$20M invested to respond to quakes, spills

Projects include small underwater observatories, high-frequency radars and an automatic identification system

An investment of more than $20 million to help B.C. coastal communities, including those on Vancouver Island, better prepare and respond to major disasters including earthquakes and oil spills was announced Monday.

Furthering the University of Victoria’s goal to build the world’s smartest coastline, the federal government has contributed $9.1 million from its Western Economic Diversification fund, and IBM Canada is investing $12 million into Ocean Networks Canada’s Smart Oceans B.C. program.

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The funding will be used toward development and placement of more than 100 small-scale underwater sensors, radars and an automatic identification system that will complement observatories already in place.

Ocean Networks Canada, which operates the NEPTUNE and VENUS ocean observatories, will add the small-scale underwater observatories to its existing underwater footprint, which includes areas near Port Metro Vancouver, Campbell River, Kitimat, the Douglas Channel waterway and Prince Rupert.

The small-scale observatories will function as navigation aids while providing information on water quality and the state of sea conditions. They also will serve as disaster warning systems, and data collected will help in planning for disaster response.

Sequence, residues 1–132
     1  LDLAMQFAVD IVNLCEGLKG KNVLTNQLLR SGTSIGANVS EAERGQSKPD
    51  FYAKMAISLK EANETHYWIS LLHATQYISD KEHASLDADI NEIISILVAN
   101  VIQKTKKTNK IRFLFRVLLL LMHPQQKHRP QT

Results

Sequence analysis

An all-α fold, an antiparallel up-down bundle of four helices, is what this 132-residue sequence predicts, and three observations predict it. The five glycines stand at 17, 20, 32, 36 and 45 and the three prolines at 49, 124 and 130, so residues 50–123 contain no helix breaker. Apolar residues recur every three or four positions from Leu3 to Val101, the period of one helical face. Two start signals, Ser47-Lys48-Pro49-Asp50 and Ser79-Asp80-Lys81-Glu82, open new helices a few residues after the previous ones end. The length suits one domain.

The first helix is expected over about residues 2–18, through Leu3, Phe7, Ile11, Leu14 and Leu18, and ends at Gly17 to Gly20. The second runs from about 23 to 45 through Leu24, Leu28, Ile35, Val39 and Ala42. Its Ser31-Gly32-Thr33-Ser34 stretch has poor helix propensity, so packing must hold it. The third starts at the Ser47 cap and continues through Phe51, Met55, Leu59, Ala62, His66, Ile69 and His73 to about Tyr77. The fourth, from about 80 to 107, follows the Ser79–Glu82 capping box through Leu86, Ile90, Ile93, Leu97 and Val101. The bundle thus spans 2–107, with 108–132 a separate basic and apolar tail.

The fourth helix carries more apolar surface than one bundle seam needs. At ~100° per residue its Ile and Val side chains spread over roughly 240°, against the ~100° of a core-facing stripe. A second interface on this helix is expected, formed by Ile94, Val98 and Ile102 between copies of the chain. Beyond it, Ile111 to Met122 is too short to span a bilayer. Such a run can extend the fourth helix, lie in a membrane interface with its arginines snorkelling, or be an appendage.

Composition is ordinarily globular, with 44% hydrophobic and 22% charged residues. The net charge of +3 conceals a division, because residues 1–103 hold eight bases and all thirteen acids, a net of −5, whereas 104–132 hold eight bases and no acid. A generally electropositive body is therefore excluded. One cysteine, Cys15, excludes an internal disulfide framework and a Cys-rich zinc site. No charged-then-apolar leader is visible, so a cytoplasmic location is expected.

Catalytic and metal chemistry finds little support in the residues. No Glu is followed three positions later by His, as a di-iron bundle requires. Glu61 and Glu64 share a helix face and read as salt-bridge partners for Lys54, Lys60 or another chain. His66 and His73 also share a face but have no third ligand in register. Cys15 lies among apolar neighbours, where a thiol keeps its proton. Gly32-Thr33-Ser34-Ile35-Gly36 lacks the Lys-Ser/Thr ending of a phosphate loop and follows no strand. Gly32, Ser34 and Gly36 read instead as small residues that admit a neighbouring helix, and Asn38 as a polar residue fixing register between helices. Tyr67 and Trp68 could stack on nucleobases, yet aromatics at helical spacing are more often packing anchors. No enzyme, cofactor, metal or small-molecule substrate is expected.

“This is such positive news for Victoria and the country because we’re seeing an economic growth cluster start here and we’re seeing increased information, in terms of safety for the coastline, and we’re also seeing the development of new technology,” said Michelle Rempel, federal minister of state for Western Economic Diversification. She attended the announcement at UVic’s Technology Enterprise Facility along with Eric Johnson of IBM, and Kate Moran, president of Ocean Networks Canada.

Green party Leader Elizabeth May was also at the announcement, saying she put the funding request in front of Rempel who expressed immediate interest.

“While it does have application for tanker traffic — which, of course, I’m opposed to — it also has really important applications for safety for predicting earthquakes and tsunamis, and it does a lot for baseline knowledge for our environment,” said May, MP for Saanich-Gulf Islands.

In the face of criticisms about a proposed increase in oil tanker traffic on B.C.’s coast, the Conservative government said the expansion of the observatories will bolster its commitment to responsible resource development by helping prevent accidents, increase response capabilities in the event of disasters and improve the prediction of natural hazards.

“Let me be perfectly clear,” Rempel said, in a media scrum. “Our government will not support any project that is not proven through science to be safe for the country or its peoples,” Rempel said.

“But we also want to make sure that when we’re looking at the impact of these projects that we are doing everything we can, as a government, to be a credible regulator. Which is why we have the responsible resource development package — increased safety monitoring standards for pipelines and tankers, penalties for those who would break the rules.”

Rempel said to make science-based decisions, one needs the best science. IBM will provide the hardware, software, services and analysts — through intern positions — to help develop the models from the sensors’ data that will allow anyone to predict and plan disasters, marine safety and environmental monitoring.


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